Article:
Merry New Year! I write the first blog of the new year as Eddie Valentine and I, fresh crop report in hand, plan to destroy the Duke brothers by tricking them into cornering the frozen concentrated orange juice market. Meanwhile, Beaks is stuck in a cage with that senator to be from Minnesota and some long-too-lonely silverback.
As I ride the Amtrak New Year's eve party train today, I reflect on how fortunate we are to have averted a major crisis. I know things are turning around. Yes, things got pretty bad in 2008. Financial markets collapsed. Autombile manufacturers stepped one foot closer to oblivion. The governor of Illinois under a cloud of, ahem, scrutiny, ahem, named a replacement for Barack Obama. But we did avert one major crisis: Time Warner and Viacom kissed and made up.
Here's something for the old-timers: remember when you turned on a television and it had to warm up before the picture turned on?
I had plenty of televisions where that was an issue. Including many that were black and white. My grandmother had one of those furniture-style pieces that instantly took you back to the 50's when you turned it on. At home, I can recall fondly those mornings when I would turn on old reruns of Fury to eat my cereal before going back to school. And on Sunday mornings, I remember a block of television programming on Channel 4 including Sergeant Preston of the Yukon, Superman, the East Side Boys, and something else. Wrestling was also playing those mornings.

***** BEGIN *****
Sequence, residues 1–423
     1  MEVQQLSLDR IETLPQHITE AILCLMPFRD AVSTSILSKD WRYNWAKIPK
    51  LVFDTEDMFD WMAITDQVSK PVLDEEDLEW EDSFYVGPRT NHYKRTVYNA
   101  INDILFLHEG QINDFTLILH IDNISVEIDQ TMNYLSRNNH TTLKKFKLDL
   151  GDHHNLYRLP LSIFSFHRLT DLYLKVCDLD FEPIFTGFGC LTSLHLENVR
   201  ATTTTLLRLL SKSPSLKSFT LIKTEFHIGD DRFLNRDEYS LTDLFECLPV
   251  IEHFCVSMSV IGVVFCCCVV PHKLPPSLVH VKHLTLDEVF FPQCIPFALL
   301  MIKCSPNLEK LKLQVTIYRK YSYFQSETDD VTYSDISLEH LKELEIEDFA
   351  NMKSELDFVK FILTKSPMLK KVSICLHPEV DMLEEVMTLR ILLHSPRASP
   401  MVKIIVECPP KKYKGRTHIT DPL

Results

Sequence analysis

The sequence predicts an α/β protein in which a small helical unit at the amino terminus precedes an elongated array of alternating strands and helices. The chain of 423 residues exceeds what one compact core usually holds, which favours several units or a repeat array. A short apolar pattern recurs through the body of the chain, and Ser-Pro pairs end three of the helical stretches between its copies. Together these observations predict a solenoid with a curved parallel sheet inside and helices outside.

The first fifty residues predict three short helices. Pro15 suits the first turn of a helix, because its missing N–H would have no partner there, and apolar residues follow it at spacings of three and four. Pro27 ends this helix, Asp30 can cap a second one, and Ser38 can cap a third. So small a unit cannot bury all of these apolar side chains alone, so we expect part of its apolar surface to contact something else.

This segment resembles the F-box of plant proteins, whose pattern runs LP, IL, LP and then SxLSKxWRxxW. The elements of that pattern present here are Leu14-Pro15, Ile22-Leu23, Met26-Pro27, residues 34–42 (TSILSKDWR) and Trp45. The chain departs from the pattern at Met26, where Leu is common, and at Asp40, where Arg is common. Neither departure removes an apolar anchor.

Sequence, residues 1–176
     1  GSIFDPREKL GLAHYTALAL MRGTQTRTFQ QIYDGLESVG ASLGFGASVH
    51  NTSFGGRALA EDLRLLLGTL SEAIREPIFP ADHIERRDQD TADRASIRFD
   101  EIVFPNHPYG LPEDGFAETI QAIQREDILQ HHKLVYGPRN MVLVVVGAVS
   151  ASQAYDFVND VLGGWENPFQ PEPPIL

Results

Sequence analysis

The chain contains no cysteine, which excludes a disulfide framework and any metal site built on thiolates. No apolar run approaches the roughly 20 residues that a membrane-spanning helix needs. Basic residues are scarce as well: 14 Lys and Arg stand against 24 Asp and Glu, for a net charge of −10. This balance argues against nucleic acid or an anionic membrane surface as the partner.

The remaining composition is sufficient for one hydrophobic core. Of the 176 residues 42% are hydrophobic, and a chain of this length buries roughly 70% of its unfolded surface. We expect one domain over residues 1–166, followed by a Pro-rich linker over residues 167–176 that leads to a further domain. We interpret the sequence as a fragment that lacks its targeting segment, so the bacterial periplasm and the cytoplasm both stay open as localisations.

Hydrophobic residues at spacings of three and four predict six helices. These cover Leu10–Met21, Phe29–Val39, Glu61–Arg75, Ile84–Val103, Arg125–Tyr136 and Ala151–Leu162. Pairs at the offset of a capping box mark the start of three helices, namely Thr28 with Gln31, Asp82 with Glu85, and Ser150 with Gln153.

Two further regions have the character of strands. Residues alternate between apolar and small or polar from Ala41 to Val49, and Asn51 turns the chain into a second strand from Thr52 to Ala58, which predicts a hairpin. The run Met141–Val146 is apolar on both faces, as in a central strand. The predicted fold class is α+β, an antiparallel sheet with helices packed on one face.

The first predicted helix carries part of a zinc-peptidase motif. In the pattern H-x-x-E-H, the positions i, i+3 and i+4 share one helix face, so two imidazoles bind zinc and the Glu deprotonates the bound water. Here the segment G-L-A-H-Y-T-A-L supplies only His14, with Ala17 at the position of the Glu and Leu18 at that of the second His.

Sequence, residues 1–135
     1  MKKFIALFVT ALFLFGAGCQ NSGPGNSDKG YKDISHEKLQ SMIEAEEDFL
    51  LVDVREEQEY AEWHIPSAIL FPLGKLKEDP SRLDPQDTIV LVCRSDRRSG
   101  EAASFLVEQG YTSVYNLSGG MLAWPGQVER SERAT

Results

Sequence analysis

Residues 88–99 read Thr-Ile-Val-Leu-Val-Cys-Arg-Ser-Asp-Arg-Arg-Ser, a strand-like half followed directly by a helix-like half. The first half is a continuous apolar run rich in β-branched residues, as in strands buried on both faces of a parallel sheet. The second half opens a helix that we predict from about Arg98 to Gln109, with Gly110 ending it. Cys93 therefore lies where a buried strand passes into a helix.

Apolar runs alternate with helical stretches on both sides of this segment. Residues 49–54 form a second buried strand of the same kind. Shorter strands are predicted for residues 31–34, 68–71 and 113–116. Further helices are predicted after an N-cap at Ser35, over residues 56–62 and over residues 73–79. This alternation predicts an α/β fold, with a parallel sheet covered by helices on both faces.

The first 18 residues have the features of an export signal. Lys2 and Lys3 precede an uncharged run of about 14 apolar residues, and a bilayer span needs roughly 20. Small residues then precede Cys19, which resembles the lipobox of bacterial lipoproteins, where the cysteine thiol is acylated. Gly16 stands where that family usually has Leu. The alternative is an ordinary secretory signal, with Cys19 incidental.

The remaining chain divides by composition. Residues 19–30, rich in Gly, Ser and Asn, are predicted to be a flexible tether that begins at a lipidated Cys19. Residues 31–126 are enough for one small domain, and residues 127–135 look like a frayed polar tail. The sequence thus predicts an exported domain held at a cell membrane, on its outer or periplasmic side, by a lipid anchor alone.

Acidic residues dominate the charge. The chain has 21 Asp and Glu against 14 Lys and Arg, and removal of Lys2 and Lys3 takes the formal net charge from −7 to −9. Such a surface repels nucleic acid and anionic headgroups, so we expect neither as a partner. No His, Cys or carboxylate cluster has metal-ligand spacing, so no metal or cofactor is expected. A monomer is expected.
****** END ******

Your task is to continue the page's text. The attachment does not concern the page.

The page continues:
Aw, hell. Schwartz is closing. Just last week, I was at the Mequon location, and it looked a little odd. A little vacant. A little disorganized, and, perhaps, a little bare. I shrugged it off, figuring that the staff must have been restocking or moving stuff around or something. Maybe what I saw was no indication of their troubles, but I feel really badly about walking out empty handed right now.
Schwartz has been around for years, and it is part of the heart of Milwaukee. I can't tell you the nights and afternoons I once spent trolling through the bookcases, buying coffee, or just killing time. And yes, I bought books, too. Plenty of them. For me, local bookstores area crucial part of our community. They may not always have the savings, but the money goes right back into the community.